Panelists agreed that more research on student loan repayment is necessary and pointed to default as one of the areas about which the least is known. Although the federal government holds an enormous amount of data about student loan performance, much of it is not publicly available, limiting understanding of repayment challenges as well as policy solutions that could help.
Servicing was also cited as an area in need of further study. “We don’t have the data that we need to understand what role servicers can play” in improving repayment success, said Julie Margetta Morgan of the Roosevelt Institute. A major related challenge is connecting with borrowers themselves, and Scott Miller of the Pennsylvania Higher Education Assistance Agency called for more research examining how to improve borrower-servicer communication.
- Automation. Discussions throughout the day highlighted opportunities to streamline or automate administrative processes, such as the annual income recertification process for borrowers enrolled in income-driven plans. Looney said, however, that it will probably be difficult to automate many aspects of the borrower-servicer relationship and that phone conversations will remain a critical element of the system for a long time.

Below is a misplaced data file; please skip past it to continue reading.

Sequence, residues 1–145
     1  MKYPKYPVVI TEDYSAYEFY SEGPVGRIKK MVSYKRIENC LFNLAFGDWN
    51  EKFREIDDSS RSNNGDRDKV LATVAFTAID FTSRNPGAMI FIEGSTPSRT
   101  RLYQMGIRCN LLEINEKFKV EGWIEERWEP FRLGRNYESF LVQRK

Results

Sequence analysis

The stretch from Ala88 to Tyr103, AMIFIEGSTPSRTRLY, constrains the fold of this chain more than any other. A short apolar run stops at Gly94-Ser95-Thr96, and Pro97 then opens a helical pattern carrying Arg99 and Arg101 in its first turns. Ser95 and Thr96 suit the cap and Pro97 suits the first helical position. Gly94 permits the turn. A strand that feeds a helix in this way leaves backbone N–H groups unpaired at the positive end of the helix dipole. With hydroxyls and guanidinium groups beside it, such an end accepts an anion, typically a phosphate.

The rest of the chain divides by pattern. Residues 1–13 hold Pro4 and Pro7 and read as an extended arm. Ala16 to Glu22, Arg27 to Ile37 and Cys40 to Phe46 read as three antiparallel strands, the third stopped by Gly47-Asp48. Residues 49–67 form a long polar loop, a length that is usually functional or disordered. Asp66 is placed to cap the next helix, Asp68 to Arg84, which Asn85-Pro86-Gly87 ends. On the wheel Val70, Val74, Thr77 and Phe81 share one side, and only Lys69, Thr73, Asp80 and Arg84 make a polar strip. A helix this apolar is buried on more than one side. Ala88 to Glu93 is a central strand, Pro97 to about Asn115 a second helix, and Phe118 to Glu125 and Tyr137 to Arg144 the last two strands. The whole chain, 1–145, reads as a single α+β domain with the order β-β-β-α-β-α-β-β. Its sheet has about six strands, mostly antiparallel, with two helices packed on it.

- Outreach. Speakers underscored the importance of early outreach targeted toward the borrowers who are most at risk for delinquency or default. Miller noted the need to better understand the pathways that borrowers take through repayment; the timing of possible missed payments or use of tools to suspend payments, such as deferment or forbearance; and the additional resources that are needed to support those who are likely to struggle.
- Simplification. Several panelists noted that having many repayment plans to choose from can create confusion, especially around eligibility. Darcus cautioned that if policymakers reduce the number of plans available, they must also make sure that borrowers still get the help they need.
- Evaluation. Several speakers also mentioned a need to rethink the consequences that are imposed as a result of student loan default. These include wage and Social Security garnishment, damage to the borrower’s credit, and ineligibility for additional student aid and federal programs, such as those that help with homeownership, all of which can create additional barriers for borrowers trying to access sustainable long-term repayment options.